Trial begins in Internet cafe scandal

Veteran's charity was alleged gambling operation

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ORLANDO, Fla. -  Florida's statewide prosecutor told a jury that a Jacksonville attorney "gamed" the legal system in creating a network of gambling centers throughout Florida under the guide of a charitable veterans' group.


Statewide prosecutor Nicholas Cox told jurors Thursday that attorney Kelly Mathis built up the network of casinos by claiming they were businesses where customers could buy Internet time.

Prosecutors say Mathis and the operators of Allied Veterans of the World were running a mostly bogus charity that got its money from dozens of casinos masquerading as Internet cafes throughout Florida.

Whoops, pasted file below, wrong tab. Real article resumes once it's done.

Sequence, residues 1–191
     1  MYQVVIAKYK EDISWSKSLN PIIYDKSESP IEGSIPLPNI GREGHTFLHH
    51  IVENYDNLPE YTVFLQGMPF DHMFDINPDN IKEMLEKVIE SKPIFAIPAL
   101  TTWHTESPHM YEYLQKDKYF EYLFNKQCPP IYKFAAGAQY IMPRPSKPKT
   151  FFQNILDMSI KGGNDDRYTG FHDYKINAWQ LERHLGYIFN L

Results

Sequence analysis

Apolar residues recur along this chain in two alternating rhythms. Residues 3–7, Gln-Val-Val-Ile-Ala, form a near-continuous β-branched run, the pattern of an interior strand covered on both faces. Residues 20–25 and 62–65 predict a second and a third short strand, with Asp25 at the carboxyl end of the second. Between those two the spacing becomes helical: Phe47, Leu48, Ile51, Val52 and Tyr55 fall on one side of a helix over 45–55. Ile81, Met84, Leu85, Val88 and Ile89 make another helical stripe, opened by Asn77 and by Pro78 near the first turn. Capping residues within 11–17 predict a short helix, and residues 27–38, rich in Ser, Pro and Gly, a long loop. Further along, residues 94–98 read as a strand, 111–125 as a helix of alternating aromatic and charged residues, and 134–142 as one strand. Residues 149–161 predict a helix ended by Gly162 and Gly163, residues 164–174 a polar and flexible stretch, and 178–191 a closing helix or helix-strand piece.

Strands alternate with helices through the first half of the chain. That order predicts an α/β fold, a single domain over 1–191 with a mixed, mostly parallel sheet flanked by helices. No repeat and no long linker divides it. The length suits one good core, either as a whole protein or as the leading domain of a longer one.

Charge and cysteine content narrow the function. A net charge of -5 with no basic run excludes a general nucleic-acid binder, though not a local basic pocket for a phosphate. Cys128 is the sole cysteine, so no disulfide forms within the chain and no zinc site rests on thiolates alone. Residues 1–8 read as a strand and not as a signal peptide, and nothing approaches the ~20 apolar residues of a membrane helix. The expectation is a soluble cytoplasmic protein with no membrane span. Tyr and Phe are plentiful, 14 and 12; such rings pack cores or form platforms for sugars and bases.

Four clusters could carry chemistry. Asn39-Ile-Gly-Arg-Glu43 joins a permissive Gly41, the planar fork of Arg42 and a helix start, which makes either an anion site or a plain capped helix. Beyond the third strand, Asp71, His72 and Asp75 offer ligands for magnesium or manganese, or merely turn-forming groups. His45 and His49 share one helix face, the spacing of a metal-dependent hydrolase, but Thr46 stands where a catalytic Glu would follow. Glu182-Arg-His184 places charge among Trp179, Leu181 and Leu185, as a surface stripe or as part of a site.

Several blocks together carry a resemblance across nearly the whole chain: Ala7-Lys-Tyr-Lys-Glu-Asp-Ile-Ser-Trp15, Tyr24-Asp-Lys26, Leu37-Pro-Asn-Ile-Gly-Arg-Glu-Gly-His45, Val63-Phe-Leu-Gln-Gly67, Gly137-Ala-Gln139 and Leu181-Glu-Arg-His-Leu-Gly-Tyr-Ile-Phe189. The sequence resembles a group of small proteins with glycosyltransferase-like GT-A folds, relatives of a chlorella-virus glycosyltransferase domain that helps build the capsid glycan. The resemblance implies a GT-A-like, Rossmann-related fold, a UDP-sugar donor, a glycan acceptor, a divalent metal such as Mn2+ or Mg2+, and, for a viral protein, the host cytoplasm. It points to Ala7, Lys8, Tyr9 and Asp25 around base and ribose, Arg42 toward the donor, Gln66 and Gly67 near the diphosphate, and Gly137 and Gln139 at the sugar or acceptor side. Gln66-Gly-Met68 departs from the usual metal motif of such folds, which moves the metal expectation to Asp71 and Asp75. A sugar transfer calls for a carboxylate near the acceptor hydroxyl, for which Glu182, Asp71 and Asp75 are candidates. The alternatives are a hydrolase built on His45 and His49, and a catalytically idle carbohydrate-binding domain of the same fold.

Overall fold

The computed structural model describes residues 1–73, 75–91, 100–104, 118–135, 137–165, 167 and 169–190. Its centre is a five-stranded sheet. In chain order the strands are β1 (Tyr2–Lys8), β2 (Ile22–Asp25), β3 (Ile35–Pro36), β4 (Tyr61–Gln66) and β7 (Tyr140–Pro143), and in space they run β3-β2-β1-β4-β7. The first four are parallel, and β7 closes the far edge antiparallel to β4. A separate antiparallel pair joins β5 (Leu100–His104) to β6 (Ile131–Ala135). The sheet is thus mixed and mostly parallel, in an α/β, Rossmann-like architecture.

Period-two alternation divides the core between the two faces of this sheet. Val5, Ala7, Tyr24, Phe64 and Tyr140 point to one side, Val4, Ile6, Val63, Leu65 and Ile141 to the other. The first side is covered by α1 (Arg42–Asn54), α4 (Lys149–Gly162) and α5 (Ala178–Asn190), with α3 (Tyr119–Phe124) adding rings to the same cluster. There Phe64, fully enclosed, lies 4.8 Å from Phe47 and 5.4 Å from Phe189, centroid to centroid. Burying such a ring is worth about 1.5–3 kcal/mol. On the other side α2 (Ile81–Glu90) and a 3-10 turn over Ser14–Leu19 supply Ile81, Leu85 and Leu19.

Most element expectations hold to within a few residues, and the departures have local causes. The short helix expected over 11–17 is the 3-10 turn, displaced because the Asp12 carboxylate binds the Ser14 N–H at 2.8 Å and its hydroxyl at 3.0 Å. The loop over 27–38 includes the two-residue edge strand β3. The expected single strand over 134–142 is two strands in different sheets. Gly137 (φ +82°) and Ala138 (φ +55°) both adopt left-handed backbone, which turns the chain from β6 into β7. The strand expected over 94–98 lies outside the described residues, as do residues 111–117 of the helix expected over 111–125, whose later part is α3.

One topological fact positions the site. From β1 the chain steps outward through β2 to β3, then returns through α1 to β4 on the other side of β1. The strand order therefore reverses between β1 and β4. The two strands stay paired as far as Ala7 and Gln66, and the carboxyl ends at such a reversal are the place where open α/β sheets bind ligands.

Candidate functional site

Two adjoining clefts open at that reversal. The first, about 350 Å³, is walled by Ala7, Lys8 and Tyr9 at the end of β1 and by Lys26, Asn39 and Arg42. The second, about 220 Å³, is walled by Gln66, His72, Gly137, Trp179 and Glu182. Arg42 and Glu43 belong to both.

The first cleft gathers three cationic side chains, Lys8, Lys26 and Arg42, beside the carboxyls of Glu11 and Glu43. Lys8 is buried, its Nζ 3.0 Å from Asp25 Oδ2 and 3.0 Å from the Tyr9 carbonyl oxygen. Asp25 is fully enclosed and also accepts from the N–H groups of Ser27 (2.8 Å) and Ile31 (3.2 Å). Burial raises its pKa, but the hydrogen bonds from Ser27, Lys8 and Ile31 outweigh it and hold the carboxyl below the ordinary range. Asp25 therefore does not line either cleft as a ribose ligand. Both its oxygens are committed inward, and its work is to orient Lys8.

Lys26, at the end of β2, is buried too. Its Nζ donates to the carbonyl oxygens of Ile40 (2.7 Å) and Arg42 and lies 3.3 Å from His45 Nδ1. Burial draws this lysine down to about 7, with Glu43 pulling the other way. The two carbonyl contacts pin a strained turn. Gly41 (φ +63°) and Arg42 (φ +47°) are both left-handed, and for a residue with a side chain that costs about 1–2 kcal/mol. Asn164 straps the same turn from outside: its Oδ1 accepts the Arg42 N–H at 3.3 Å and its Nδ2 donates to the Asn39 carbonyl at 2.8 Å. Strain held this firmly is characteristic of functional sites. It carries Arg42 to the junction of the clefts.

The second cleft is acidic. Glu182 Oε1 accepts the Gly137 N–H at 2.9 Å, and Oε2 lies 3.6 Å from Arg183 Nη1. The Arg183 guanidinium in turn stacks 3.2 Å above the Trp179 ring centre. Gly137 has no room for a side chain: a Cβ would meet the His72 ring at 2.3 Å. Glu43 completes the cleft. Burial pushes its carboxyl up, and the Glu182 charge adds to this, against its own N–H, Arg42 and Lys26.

In opening statements of Mathis' trial Cox noted that most customers at the Allied Veterans' Internet cafes played slot machine games and didn't use the Internet. He also said very little of the $300 million generated by the Internet cafes went to veterans.

Mathis is pleading not guilty to dozens of charges. He claims he only gave legal advice and did nothing wrong.

The arrest of Mathis and 56 others prompted the Florida Legislature to ban the storefront Internet cafes.

It also led to the resignation of former Lt. Gov. Jennifer Carroll, who had worked as a consultant.

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